In recent years, a startling trend has emerged among many small-business owners. As Accounting Today pointed out, beginning in 2013, the Internal Revenue Service sent letters to hundreds of these small-scale operators asking if they had underpaid employee taxes for the previous year. This concern doesn't impact every small business in the U.S., but it highlights the distinct lack of proper tax practices among many mom-and-pop outfits.
To ensure that taxes remain a priority, here's a handy checklist for all small businesses to follow:
1. Classify Your Employees
Perhaps the most important practice begins with classifying each of your employees. Starting December 2016, new amendments to the Fair Labor Standards Act go into effect, and that impacts both how employees are paid for overtime and thus proper taxation. Having a definitive list of standard employees and independent contractors means you'll know how to address filing taxes from the very beginning.
2. Address Estimated Taxes
According to American University's Kogod School of Business, one major issue that most small-business owners struggle with are estimated taxes. Namely, determining their tax liability, when they need to be paid (quarterly or annually) and any safe harbors that offer protection in the event of underpayment. Companies with an accountant can get a firm grasp on estimated taxes before they become problematic and plan ahead accordingly to ensure payment in full. Operations without an on-staff accountant might consider outsourcing at least some component of their tax preparation to avoid any costly filing mistakes.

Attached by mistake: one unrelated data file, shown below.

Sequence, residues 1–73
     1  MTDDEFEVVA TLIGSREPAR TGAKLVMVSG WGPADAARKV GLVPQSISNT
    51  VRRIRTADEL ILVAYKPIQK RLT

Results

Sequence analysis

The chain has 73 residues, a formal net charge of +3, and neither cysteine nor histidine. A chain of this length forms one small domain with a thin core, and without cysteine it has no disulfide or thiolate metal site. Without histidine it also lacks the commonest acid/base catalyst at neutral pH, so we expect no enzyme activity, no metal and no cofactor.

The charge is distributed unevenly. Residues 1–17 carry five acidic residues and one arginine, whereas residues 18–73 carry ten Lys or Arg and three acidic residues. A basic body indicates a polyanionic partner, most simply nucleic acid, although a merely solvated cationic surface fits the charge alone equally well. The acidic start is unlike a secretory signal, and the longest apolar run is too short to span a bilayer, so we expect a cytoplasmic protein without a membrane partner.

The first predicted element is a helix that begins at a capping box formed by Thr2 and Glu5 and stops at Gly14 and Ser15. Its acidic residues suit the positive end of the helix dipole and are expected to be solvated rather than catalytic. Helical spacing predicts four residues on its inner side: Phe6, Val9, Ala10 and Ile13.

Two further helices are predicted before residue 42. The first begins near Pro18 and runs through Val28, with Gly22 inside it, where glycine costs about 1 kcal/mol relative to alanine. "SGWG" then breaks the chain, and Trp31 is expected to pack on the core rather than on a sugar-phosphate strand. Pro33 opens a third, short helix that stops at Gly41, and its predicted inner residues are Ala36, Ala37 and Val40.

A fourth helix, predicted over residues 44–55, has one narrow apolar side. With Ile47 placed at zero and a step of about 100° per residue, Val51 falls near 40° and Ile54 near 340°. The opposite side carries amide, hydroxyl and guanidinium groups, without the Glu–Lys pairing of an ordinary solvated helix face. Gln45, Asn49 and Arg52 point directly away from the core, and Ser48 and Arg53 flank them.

3. Track Your Expenses and Finances
Through the year, your company may accrue various expenses, especially if your employees have to travel frequently. That's why it's so essential to track them as they begin to pile up. This will help you stay aware of any expenditures, and where you might be able to make cuts, while ensuring your taxes remain in order before you have to file. Some companies also take the time every few months to do a check-in of sorts, making sure finances in general are in order.
4. Find the Right Software
A large chunk of small businesses rely on bookkeeping by hand. To some degree, this strategy does work, usually if a company has under 15 employees. Any more, though, and there are simply too many numbers on the books to facilitate such a system. That's where tax software comes in handy: It's a second set of eyes and a helpful assistant in one convenient package, able to track finances and ensure proper tax filing. However, it's essential to have the right software, preferably one that allows for streamlined usage and cloud-based sharing.
5. Deduct when Possible
Despite what many small-business owners might have experienced, there are quite a few tax deductions available for savvy entrepreneurs. These include everything from office supplies and furniture to the software you've purchased and insurance premiums. Not taking these deductions means needlessly spending money, and that kind of approach can impact your ability to properly handle your group's annual taxes. Fortunately, there are resources available, including an official guide from the IRS.
As mentioned above, outsourcing is a good idea for many small businesses, as it helps to ensure you follow these and many other best practices. Plus, outsourcing is a way to address certain issues that might prove cumbersome if done on your own, like paying taxes for employees in multiple states.
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